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Re: HTTP Range 14

From: Kingsley Idehen <kidehen@openlinksw.com>
Date: Mon, 05 Mar 2012 06:42:55 -0500
Message-ID: <4F54A6BF.2030109@openlinksw.com>
To: www-tag@w3.org
On 3/5/12 1:52 AM, Christopher Gutteridge wrote:
>
>
> On 04/03/2012 22:41, Graham Klyne wrote:
>> Technically, I believe the current muddle can indeed be made to "just 
>> work". But the web is more than just a technical system - it's people 
>> too.  And I think there are times when what people expect diverges 
>> from what the technology delivers, leading to outcomes that may be 
>> technically correct, but not useful in the sense of not meeting 
>> people's expectations.  If we can find a narrative that makes better 
>> sense of the present technical architecture, which I think Jonathan's 
>> recent postings could lead towards, then that will be great.  But 
>> until then, I won't completely close my mind to alternative 
>> solutions, even if that means additional URI schemes.
>>
> I agree. The current design is verbose and unintuitive. Using an 
> address with the Hypertext Transfer Protocol to identify real-world 
> things works OK, but it's very counter-intuitive. People on this list 
> have no confusion about URI/URL but every new person trying to learn 
> this stuff, does.
>
> The tdb: protocol doesn't break anything. It aids linking by making it 
> easy to use canonical pages to identify things. A web browser doesn't 
> need to support it -- most of things in question won't be resolvable 
> because they are things.

We are trying to resolve the description of things. Not the things 
themselves. The aforementioned descriptions are delivered by RDF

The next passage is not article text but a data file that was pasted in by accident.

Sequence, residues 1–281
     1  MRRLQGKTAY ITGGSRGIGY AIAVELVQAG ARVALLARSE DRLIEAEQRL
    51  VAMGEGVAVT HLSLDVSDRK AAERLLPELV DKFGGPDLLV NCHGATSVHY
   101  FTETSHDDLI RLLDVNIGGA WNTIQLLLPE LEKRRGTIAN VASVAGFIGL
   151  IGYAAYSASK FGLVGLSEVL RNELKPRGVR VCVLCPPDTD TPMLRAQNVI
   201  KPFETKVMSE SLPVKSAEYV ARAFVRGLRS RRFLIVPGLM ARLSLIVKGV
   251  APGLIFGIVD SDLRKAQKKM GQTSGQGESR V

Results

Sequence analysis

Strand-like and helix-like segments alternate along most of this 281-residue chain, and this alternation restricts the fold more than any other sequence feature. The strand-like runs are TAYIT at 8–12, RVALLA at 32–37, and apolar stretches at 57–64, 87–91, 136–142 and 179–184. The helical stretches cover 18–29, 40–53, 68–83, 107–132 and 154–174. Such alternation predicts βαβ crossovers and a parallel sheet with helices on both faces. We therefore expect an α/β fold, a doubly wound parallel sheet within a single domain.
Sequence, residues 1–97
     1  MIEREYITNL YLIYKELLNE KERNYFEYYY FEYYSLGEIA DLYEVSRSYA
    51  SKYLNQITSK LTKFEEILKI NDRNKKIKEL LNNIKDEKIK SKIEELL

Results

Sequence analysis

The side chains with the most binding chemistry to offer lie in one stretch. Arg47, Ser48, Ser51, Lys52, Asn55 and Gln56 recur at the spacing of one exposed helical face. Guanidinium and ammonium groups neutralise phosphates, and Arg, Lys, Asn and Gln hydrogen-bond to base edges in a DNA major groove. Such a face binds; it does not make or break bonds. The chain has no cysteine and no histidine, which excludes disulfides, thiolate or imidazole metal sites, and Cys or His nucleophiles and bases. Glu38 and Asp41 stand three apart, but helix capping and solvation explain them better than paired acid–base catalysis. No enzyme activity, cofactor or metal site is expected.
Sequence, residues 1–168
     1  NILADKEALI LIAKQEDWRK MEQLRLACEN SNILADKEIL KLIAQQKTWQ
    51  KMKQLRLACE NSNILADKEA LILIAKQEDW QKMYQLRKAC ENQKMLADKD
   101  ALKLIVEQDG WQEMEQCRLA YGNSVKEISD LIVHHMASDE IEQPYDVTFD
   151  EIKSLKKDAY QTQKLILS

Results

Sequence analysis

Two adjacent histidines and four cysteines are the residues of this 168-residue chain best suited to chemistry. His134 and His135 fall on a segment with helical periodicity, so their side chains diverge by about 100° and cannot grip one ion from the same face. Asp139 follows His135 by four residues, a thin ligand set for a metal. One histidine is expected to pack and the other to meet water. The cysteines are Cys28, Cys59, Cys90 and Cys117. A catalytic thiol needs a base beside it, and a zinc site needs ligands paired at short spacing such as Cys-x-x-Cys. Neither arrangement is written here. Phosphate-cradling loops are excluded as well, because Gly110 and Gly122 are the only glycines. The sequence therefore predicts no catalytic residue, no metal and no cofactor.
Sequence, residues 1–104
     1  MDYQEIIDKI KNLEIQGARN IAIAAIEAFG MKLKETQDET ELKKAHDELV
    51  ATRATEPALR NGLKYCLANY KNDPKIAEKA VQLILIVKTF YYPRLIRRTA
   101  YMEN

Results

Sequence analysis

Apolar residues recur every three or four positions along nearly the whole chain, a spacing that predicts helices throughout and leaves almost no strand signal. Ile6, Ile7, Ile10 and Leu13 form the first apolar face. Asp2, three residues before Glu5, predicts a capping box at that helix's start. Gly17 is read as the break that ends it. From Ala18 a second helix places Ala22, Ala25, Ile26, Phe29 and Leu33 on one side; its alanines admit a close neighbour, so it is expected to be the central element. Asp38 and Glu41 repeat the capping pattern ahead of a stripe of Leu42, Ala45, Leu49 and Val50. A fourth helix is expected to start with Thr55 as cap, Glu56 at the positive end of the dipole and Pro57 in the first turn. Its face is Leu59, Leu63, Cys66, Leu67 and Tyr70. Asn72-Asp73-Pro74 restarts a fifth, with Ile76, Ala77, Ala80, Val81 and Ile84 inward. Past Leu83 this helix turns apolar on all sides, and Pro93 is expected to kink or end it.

documents (resources). The "things" in  question are just the subjects 
of the descriptions -- descriptor documents which are a kind of Web 
resource.

> Sure, a 303 can get you to a data page or HTML page, but that's even 
> more confusing. 

It isn't. Not when you understand (or accept) the fact that the HTML 
document is but one document format for delivering subject descriptions.

> Most web programmers don't grok content negotiation. 

True.

> Our goal really should be to start having linked data produced by the 
> masses of people who know a bit of PHP.

Huh? And what about those programmers that don't care about PHP? Kinda 
strange argument for a system that is fundamentally about platform 
independence across the entire tech stack.

> I believe the reason we still haven't seen the network effect kick-in 
> for linked data is that it's too hard for people who don't care as 
> much as early adopters do. It's got to be achievable by busy people 
> who just skim the instructions.

No, the only reason why the network effect of Linked Data has sorta 
stalled (a bit) is because there was a strange decision to force RDF 
into the narrative -- as a mandatory component -- thereby inheriting all 
of its distractions from the past.
>
> My personal success criteria is when the main topic of discussion is 
> how to deal with spammers trying to inject triples into trusted data 
> sources.

My person success criteria is when end-users and developers that are 
already comfortable with "Open Database Connectivity" (ODBC)  
instinctively realize that Linked Data is really the next step i.e., the 
final deliverance of platform independent "Open Data Connectivity" . 
This will all pan out by them realizing that the concept of a "Data 
Source Name" (DSN) is now effectively delivered via a hyperlink.

>
>
>


-- 

Regards,

Kingsley Idehen	
Founder&  CEO
OpenLink Software
Company Web: http://www.openlinksw.com
Personal Weblog: http://www.openlinksw.com/blog/~kidehen
Twitter/Identi.ca handle: @kidehen
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LinkedIn Profile: http://www.linkedin.com/in/kidehen







Received on Monday, 5 March 2012 11:43:26 UTC

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